When working with machine learning tools and algorithms, we often assume that only the machine is learning. Not so, argues Mark Hsieh. To achieve maximum value, we need to learn from the results generated by algorithms to better understand the problem we are trying to solve, for example in predicting disease progression in diabetes.

Over 2,500 years’ worth of human learning and research toppled by a machine: In an intellectual world that considers mastery of its domain a quest of ultimate scholarship and cultivation, a computer overtook everyone. And then, a revised version relearned its skill in just a matter of days.

Welcome to the world of the strategy board game Go, which originated in China before 500 BC and is played by tens of millions of people. The Go community was deeply shaken by staunch wins of DeepMind’s AlphaGo program over top professionals including Ke Jie, the highest ranked player in the world. After his defeat, Ke Jie commented on Social Media: “After humanity spent thousands of years improving our tactics, computers tell us that humans are completely wrong, … I would go as far as to say not a single human has touched the edge of the truth of Go”[1].

But soon Go players looking for a competitive edge embraced AlphaGo and its successors as a fresh set of tools, and are now studying its unique non-human playing style to find better moves. Indeed, machine learning is already being applied almost everywhere where data is being generated, and can be credited with creating value with insights, predictions, decision making and automation across a plethora of applications – as well as a considerable amount of hype.[2] What does the story of machine learning overtaking the world of Go tell us about learning from machine learning in the realm of business or commercial enterprise?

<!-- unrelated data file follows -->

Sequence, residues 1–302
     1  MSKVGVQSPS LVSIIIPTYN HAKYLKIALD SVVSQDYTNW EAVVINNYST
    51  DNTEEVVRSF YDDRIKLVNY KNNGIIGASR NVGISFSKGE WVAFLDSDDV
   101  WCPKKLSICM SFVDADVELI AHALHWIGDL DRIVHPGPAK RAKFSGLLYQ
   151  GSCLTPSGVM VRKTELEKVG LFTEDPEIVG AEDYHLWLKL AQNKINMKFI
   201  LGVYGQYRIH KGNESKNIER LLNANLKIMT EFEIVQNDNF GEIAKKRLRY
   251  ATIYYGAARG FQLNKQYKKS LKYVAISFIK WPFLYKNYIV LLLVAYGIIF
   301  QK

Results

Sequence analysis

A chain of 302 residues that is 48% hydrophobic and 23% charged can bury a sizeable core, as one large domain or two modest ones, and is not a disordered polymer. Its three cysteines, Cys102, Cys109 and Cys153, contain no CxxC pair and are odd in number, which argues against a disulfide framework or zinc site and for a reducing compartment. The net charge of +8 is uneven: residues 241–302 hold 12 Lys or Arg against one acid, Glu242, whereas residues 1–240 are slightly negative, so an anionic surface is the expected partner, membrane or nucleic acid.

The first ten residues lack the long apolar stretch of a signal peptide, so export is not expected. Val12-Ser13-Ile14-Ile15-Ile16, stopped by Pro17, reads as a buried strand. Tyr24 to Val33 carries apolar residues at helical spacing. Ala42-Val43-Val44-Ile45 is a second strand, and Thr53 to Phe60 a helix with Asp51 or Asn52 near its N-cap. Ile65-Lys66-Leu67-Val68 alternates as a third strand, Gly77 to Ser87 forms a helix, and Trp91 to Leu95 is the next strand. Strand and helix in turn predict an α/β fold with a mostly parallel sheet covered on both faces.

Go enthusiasts liken the game to an art form, and indeed it was historically one of the constituents of the four arts of the Chinese scholar. The board presents a blank canvas upon which a beautiful interplay between two life forces is enacted. In contrast, we may say that a Go playing machine cannot appreciate the game; it simply knows ‘how’, but not ‘why’ or even ‘what’ it is playing. Nevertheless, DeepMind’s AlphaGo, and its Artificial Neural Networks (ANNs)[3], demonstrate that the state of the art is capable of identifying pertinent patterns in a virtually limitless space that humans struggle to visualise.

To make the most of machine learning, we should look at what we are doing and recognise what we do best… as humans that is.

Machine learning requires data. Wherever we collect data, it is at best a shadow of reality. A projection of snapshots captured through whatever devices and sensors we are using. In the same way that we can’t fully reconstruct reality from even the highest resolution recording technology, we can only feed machines with a bare subset of reality, stripped of context and meaning.

This helps to explain why Chess and Go are among the first human endeavours seeing breakthroughs, because their reality is constrained to a handful of fundamental rules and there is nothing to digitise but the plainly visible positions of the pieces on the board.

In real-life applications of machine learning, the distance between the manifestation of our digital data and everything that is happening in reality is considerably greater. Besides, we know that human or measurement errors and statistical noise are always part of the mix.BLOGFashion or Future? AI as part of the business transformation toolkit

Real-life applications